Ginkgo special extract EGb 761® in vertigo: A systematic review of randomised, double-blind, placebo-controlled clinical trials
egb 761®, evidence, ginkgo special extract, systematic review, vertigo, vestibular compensation
K hamann. Ginkgo special extract EGb 761® in vertigo: A systematic review of randomised, double-blind, placebo-controlled clinical trials. The Internet Journal of Otorhinolaryngology. 2006 Volume 6 Number 2.
This article has been published in German language before: Hamann KF. Ginkgo-Spezialextrakt bei Schwindel. Ein systematischer Review randomisierter, doppelblinder, placebo-kontrollierter klinischer Prüfungen. HNO 2007;55:258-263. Submission in English language to The Internet Journal of Otorhinolaryngology was approved by Springer.
As is generally known, vertiginous symptoms are on the whole amongst the most frequently registered complaints. Although the fact that different pathological conditions could cause different types of vertigo was recognised early on, for a long time attempts were made to treat the symptom vertigo without further differentiation. As a result, antihistamines such as dimenhydrinate were commonly used in the forties. These had considerable sedative side effects, however. Other substances such as thiethylperazine (Torecan ® ), dihydrobenzperidol or even diazepam, which may be classified as tranquillisers, were also used as antivertiginous drugs. Although the short-term therapeutic effects were unquestionable, the concomitant sedative effects excluded long-term therapy. Moreover, at about the begin of the seventies – at first only in animal experiments – the underlying mechanisms of vestibular compensation (1), i.e. the recovery processes following vestibular lesions, and their dependence on vigilance and pharmaceuticals (2) were elucidated. The finding that sedative substances inhibit vestibular compensation processes led to conventional “antivertiginous agents” only being recommended for acute therapy, not for long-term treatment. This is an important aspect with regard to different clinical pictures (3) and driving capability (4).
The basis for all the concepts about vestibular compensation is the observation that the unilateral loss of a peripheral vestibular organ initially leads to marked symptoms with severe rotational vertigo, spontaneous nystagmus to the healthy side and ataxia (5). However, this complex of symptoms becomes less severe and largely disappears after a certain period of time, which differs considerably between individuals and from species to species. These natural recovery processes may also be observed in animal behaviour experiments and are possibly related to neuronal phenomena which may be described as an imbalance at the level of the vestibular nuclei (6,7). Certain parameters of neuronal activity, such as spontaneous activity, and response to dynamic stimuli (such as gain and phase) show a tendency to reequilibrate. What is interesting is that vestibular compensation may be improved by additional input from the visual system (8). These phenomena have been considered to be the neuronal correlates of the vestibular recovery processes.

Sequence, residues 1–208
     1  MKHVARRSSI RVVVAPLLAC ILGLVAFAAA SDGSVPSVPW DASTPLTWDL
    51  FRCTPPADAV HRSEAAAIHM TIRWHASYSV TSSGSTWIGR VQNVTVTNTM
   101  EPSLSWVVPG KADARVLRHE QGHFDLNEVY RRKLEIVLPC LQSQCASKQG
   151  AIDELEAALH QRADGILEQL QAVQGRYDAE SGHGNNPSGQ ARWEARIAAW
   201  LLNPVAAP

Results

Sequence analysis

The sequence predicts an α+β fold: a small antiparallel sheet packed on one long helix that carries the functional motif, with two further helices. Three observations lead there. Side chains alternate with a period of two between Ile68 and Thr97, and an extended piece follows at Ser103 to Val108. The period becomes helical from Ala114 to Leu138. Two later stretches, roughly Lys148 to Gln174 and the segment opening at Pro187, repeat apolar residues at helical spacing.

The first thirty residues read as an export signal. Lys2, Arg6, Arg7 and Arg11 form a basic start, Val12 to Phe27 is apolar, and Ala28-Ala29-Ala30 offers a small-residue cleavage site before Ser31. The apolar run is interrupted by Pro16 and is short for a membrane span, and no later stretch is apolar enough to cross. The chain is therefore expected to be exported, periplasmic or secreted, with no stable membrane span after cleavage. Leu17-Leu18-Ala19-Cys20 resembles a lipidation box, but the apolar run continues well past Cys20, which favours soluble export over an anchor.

The recovery from static symptoms, such as vertigo at rest, spontaneous nystagmus and ataxia, which may be completely restored, should be differentiated from the recovery of dynamic symptoms, such as asymmetrical rotation-induced nystagmus reactions and asymmetrical optokinetic nystagmus, which is only incomplete (9). What is certain is that vestibular compensation is associated with re-adjustment processes in central nervous structures, primarily in the vestibular nucleus (10).
Possibilities for improving compensation
When these findings are taken into account, the recommendations made in the forties for treating vestibular diseases by physical therapy appear, retrospectively, to have a rational basis. Cawthorne and Cooksey's methods (11) form the basis of many training programmes. These have been extended or modified many times. In Germany, the single-blind studies of Hamann (12) and later Strupp et al. (13) were able to confirm the clinical success of vestibular exercise programmes.
The goal of all habituation training exercises is to more or less specifically stimulate vestibular performance, but above all to include auxiliary systems, such as the visual and proprioceptive systems, in the compensation processes. Numerous observations and studies have demonstrated that vestibular compensation may be influenced by pharmacological agents (2,7).
Initially, animal experiments were used to investigate how the compensation processes are influenced by pharmaceutical agents. In general, it appears that stimulants such as amphetamine, caffeine or even strychnine accelerate compensation, while sedatives such as high doses of alcohol or barbiturates slow down the process (2). Consequently, an ideal compensation-enhancing substance should have no sedative properties but should have central stimulatory actions in the vestibular nuclei.
Composition and pharmacology of EGb 761
EGb 761 ® is a special extract of Ginkgo biloba leaves (herbal drug-extract ratio 35-67:1) standardised to 22 - 27 % Ginkgo flavone glycosides and 5 - 7 % terpene lactones (ginkgolides, bilobalide) which contains less than 5 ppm ginkgolic acids. Experimental investigations have shown flavone glycosides and terpene lactones to be the most important active ingredients (14).